CAIRO: Several political figures denounced on Tuesday the banning of the April 6 Youth Movement, describing the verdict issued by Abdeen Court for Urgent Matters as “illegal.”
The April 6 Youth Movement held a press conference on Tuesday to discuss the court ruling banning them at the Press Syndicate, in coordination with the syndicate’s Freedoms Committee, according to a Monday press release.
A number of leading figures attended the conference; head of the syndicate’s Freedoms Committee Mohamed Abdel Kedous, Kefaya movement founder Gerorge Ishak, former presidential candidate Khaled Ali, and many others.
Since 2008 until the beginning of the January 25 Revolution in 2011, several political figures were eager to participate in any of April 6 events, former presidential candidate Khaled Ali said in a Tuesday press conference.
“If the [governmental] train tramples the April 6 Movement, all those who are silent now and cheer [for the regime] will also get trampled. I promise that if they continue cheering like that or continue in their silence, the train will trample them as well because we are currently between a revolution and a counter-revolution, with our future president, who is now a presidential candidate called Abdel Fatah al-Sisi,” Ali added.
All April 6 Youth Movement activities were banned on April 28 by a decision from Abdeen Court for Urgent Matters.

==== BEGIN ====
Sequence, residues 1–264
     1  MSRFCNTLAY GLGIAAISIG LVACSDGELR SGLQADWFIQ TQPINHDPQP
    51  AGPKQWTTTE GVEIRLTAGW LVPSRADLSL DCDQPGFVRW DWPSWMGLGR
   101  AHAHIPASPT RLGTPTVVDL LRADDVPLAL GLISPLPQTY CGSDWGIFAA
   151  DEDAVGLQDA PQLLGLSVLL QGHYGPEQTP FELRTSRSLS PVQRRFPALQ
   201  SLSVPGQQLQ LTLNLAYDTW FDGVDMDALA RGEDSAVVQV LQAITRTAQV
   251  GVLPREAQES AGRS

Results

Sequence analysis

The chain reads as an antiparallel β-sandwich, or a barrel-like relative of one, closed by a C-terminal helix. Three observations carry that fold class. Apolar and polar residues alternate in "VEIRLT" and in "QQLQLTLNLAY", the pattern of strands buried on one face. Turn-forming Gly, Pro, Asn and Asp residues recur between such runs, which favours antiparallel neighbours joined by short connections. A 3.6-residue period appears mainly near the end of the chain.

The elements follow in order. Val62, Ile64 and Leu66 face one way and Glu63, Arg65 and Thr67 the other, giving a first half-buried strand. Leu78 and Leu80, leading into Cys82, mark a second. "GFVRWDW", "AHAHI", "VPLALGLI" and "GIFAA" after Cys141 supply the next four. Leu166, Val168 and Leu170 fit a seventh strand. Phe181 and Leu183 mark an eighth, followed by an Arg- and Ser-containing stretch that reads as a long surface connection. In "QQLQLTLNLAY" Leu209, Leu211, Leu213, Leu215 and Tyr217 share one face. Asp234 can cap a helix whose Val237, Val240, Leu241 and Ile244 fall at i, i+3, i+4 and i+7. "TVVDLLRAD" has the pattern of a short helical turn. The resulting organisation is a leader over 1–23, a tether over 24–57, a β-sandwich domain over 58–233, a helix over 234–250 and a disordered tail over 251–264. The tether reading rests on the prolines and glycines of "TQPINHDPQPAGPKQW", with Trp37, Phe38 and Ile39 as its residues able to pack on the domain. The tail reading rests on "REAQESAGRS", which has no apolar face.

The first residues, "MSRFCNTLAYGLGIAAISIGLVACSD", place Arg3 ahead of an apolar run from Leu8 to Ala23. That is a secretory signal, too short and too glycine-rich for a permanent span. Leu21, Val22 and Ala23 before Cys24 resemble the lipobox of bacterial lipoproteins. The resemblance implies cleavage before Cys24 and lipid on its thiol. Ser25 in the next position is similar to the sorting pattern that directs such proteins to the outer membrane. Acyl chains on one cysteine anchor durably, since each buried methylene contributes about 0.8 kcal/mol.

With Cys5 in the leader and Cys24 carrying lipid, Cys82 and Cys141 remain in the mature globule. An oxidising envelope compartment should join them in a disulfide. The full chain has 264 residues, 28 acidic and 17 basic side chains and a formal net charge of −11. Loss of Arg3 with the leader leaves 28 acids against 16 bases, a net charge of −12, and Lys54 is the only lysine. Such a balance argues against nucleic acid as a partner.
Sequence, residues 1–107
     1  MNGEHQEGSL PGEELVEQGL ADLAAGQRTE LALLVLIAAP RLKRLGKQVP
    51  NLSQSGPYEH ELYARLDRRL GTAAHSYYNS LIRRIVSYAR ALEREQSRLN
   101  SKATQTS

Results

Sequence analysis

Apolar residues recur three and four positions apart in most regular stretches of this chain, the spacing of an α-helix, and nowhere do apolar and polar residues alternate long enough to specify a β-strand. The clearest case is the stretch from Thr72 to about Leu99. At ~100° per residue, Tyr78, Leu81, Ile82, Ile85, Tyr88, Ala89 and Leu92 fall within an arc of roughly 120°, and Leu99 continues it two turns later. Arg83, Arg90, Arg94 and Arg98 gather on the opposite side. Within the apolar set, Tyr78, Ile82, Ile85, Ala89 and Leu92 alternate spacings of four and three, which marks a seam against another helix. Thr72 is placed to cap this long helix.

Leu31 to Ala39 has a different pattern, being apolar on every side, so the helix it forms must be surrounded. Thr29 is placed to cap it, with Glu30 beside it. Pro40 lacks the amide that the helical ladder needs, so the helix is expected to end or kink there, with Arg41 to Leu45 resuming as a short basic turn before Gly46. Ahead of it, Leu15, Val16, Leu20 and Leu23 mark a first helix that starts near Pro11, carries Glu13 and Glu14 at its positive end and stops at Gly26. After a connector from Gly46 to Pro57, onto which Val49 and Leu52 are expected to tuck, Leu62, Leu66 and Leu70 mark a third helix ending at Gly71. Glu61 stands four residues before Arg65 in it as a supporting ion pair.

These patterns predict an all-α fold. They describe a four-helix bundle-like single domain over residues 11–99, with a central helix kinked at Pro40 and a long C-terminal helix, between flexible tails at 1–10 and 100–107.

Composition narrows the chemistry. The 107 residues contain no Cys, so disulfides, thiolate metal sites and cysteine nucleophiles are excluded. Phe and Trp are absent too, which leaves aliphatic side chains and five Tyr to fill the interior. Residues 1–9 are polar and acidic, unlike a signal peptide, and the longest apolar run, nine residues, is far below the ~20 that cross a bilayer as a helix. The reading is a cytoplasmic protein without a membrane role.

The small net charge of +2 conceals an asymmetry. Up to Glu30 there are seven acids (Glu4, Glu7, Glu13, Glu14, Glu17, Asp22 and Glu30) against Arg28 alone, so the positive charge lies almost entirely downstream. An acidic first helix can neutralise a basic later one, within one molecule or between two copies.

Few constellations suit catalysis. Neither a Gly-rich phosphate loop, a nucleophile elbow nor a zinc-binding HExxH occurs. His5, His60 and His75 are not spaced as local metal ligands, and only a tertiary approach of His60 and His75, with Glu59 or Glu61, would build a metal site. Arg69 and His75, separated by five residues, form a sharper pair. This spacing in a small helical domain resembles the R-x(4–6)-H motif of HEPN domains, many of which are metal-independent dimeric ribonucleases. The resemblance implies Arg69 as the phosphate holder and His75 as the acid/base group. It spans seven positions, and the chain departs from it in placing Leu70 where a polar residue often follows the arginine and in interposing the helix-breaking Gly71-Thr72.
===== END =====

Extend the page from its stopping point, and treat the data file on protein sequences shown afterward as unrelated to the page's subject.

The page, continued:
April 6 member Zizo Abdo said that “defending the oppressed institute” denounced the verdict issued to ban the movement.
Member of the high committee of the Egyptian Current Party Mohamed Al-Kasas said in the framework of the conference, “We are here in solidarity with the revolutionary powers and April 6 Movement against the verdict of its ban considering it was politicized, illegal, and shows the series of downfall of the judiciary and the country’s institutions.”
“The banning verdict is a political decision, unfair, and issued from an unauthorized court,” head of the syndicate’s Freedoms Committee Mohamed Abdel Kedous said in a Tuesday conference, according to Almesryoon website.
Abdel Kedous denounced banning the movement, saying the ban is an “insult” to Egypt and the January 25 revolution since the movement was honored in 2008.
“From the beginning, National Council for Human Rights (NCHR) was against the [protest] law that appeared. We are not with prohibiting protesting but against the organization of these protests,” NCHR and Kefaya movement founder George Ishak said during the conference.
In February, Ishak said the Cabinet ignored NCHR’s 15 suggestions about the protest law.
According to the official April 6 Facebook page, they will declare their stance from the forthcoming presidential elections in a press conference at 12:30.
April 6 Youth Movement was founded in 2008 to support textile worker strikes in Mahalla El-Kubra, one of it’s most prominent opposition movements in Egypt.
Since the protest law was issued on November 24, April 6 was the first movement that protested against the law by holding a number of protests to repeal it.
The No To Military Trials for Civilians campaign organized a protest against the 50-member committee at the Shura Council on Nov. 26 to refuse the article regarding military trials in the constitution. Security forces dispersed the demonstration based on the new protest law by interim President Adly Mansour, claiming that there was no permission granted to protest.
After the protest, April 6 founder Ahmed Maher was arrested for participating in the protest.